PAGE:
Diary of the Edwards Marathon

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Evan Vucci / AP

Democratic presidential hopeful John Edwards speaks during the final stop of his 36-hour campaign tour around Iowa in West Des Moines, Wednesday, Jan. 2, 2008

John Edwards' message throughout the campaign has been that he is the only candidate serious about fighting for average working Americans. And in the last day and a half before the Iowa caucus, Edwards was determined to show just how serious he was about winning that fight — by criss-crossing Iowa in a 36-hour endurance test he christened his "Marathon for the Middle Class."

Edwards knows that the impact of such an all-nighter will be mostly symbolic. When I asked him how many people he hoped to convince at his 2:15 a.m. event in Creston, Edwards practically giggled. "Probably not that many people. I don't expect a big crowd," he said. "But what I think is more important is to show caucus-goers that I'm committed to the cause."

Such exercises in sleep deprivation have been employed by a variety of candidates over the years. Probably the most famous was former Senator Bob Dole's ill-fated "96 Hours to Victory Tour" during the 1996 presidential campaign; the tour was supposed to to prove that the then 73-year-old was, in fact, not too old to be running for President, but by hour 40 the man looked like death warmed over. That insomnia-fest ended with his concession speech after he lost to Bill Clinton. In the last election cycle former Vermont Governor Howard Dean most notably held a "Sleepless Summer Tour" at the height of his popularity. The 10-city trip stretched across more than 6,000 miles and lasted four days. Joe Trippi, who managed Dean's campaign and now advises Edwards, semi-joked Tuesday that the trip may have had something to do with his notorious scream after losing the Iowa caucuses. "[He] didn't get any sleep," says Trippi, "and it made him a little crazy."

Though it would seem obvious that Trippi, with a hand in both campaigns, would be behind Edwards' marathon campaign, he swears he wasn't. "It wasn't my idea; I'm not getting on the van for 36 hours, but he wants to do it. He wants to fight for every vote."

Fighting for every vote, as it turns out, is not very glamorous, or even stirring. Here's a snapshot of various stops along the way to give you a sense of what it's like being inside the bubble of a candidate's final push to win the Iowa caucuses, and after a while, wishing to get out.

Tuesday January 1

12:10pm. Ames
In what would turn out to be the longest speech of the tour, Edwards outlines his closing arguments in a wood-paneled room at the University of Iowa before a crowd of more than 500. Afterwards he holds his first press conference of the trip. One reporter asks him a question about a possible outcome of the caucuses that we all know every campaign is dreading: that Iowa, after tens of millions of dollars and months of effort, could end in a three-way tie, essentially changing nothing in the race. "If I do well in Iowa against two candidates that have raised over $100 million, over $200 million between them, and have had massive national publicity, what that means is this message of ending corporate greed, standing up for the middle class and standing up for future generations is slicing through all that noise, all that media attention and all that money and will it go on?" Edwards said, pausing to take a breath. "Absolutely it will go on."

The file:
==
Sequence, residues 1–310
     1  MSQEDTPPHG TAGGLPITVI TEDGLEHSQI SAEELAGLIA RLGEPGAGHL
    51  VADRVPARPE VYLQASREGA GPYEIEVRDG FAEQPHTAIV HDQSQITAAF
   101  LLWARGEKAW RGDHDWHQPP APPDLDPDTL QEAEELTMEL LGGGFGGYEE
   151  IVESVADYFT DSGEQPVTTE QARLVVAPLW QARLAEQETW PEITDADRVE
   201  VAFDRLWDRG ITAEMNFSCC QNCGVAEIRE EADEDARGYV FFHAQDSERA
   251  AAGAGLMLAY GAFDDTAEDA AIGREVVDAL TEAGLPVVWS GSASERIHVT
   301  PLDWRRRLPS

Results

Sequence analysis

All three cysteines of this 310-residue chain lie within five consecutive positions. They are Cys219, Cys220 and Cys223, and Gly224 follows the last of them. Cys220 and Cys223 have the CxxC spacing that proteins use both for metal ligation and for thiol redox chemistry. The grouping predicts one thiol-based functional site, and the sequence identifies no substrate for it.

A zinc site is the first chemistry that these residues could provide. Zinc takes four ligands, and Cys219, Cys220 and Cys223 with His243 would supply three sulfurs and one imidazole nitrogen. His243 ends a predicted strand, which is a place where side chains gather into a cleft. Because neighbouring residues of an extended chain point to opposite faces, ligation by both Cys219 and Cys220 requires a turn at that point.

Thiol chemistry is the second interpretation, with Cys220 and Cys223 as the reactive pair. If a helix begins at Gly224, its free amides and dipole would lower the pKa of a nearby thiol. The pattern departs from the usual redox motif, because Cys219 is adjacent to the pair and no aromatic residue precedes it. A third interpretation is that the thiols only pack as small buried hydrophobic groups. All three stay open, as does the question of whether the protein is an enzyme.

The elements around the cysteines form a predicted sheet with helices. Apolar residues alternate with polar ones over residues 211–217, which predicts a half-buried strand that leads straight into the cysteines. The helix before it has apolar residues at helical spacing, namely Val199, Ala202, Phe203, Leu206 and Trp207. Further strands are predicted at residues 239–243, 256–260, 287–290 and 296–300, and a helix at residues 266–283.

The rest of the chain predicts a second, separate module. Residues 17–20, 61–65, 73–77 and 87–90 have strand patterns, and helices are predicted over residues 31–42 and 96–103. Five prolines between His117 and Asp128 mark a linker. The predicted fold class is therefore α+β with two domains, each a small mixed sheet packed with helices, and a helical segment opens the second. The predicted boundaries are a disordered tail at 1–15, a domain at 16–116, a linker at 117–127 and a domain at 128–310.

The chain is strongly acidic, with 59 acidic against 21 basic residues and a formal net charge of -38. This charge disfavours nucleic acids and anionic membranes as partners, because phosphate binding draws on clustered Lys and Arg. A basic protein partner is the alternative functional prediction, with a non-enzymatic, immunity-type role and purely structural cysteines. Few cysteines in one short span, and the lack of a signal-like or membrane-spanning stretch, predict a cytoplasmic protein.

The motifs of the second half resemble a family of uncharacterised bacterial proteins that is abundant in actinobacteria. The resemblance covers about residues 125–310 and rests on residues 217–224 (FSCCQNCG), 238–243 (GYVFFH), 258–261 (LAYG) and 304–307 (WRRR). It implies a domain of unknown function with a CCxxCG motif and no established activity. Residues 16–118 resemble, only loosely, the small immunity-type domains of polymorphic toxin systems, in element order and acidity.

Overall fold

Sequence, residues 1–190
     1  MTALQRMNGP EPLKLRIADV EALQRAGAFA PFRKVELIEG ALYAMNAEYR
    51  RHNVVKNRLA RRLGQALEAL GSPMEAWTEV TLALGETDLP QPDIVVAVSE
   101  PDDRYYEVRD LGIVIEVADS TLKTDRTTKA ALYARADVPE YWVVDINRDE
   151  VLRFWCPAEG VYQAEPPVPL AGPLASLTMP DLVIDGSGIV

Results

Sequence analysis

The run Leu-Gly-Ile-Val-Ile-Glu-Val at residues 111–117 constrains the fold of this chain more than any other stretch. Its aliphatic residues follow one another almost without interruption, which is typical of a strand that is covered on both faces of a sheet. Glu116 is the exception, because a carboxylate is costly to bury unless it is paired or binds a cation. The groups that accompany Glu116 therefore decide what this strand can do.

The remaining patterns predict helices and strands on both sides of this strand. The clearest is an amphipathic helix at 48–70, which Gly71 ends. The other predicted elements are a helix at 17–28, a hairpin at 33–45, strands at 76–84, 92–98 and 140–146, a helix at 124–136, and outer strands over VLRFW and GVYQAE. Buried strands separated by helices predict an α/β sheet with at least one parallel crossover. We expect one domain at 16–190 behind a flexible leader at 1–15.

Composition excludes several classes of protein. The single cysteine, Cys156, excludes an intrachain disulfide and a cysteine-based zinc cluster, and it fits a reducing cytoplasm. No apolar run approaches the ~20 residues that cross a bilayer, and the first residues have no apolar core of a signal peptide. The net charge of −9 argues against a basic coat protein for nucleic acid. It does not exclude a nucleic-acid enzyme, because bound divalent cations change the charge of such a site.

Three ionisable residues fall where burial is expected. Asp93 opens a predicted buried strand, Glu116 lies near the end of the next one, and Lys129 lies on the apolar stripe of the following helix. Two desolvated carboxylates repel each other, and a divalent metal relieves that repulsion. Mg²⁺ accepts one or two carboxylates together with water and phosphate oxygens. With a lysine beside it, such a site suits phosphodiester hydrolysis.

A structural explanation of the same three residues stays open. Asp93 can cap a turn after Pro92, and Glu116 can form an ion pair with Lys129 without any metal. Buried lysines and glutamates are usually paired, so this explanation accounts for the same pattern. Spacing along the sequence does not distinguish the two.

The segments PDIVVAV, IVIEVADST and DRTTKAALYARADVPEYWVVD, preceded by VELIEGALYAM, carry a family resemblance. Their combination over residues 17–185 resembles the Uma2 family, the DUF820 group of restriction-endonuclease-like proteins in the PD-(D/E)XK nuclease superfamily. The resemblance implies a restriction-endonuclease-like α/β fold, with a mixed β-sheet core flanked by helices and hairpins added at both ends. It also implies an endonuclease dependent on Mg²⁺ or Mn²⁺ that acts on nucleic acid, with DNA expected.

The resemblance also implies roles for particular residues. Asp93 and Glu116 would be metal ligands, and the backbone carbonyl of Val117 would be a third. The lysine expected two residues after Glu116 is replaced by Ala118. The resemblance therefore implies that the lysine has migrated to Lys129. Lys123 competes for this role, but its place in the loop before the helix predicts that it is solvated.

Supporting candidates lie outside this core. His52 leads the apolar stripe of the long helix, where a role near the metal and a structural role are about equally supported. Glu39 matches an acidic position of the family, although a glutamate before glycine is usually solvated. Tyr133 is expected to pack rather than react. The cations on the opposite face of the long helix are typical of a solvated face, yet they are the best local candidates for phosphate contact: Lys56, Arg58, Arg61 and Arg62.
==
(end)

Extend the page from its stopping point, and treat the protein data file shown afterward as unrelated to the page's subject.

1:25pm. On the bus
The roughly two dozen reporters that have grimly signed themselves up for this tour are greeted with lunch from Wendy's. Salads, hamburger, slightly cold fries and sodas. The regulars welcome the addition of salads, which have only appeared after the press staged a minor mutiny last week over being force-fed too much grease.

3:10pm. Fort Dodge, Iowa
The program was meant to start at 2:45pm. After introductions by State Senator Daryl Beall, Elizabeth Edwards and Iowa First Lady Mari Culver, Edwards — who is renowned for his chronic lateness — finally takes the stage at 3:37pm. We all start dreading that Edwards will live up to his reputation of running two hours late everywhere.

4:35pm. On the bus
Joe Trippi, Edwards' senior advisor, entertains reporters with an a capella rendition of Jay-Z's "Dead Presidents" he's learned from his kids. Really. I have a recording, but he tells me it's off the record. The buses pull out heading back to Des Moines, where we're told we'll be set free for an hour while Edwards does his daily hour-long run on the treadmill. The bus speeds south as a double rainbow frames a gorgeous sunset reflecting off Iowa's snowy farmlands.

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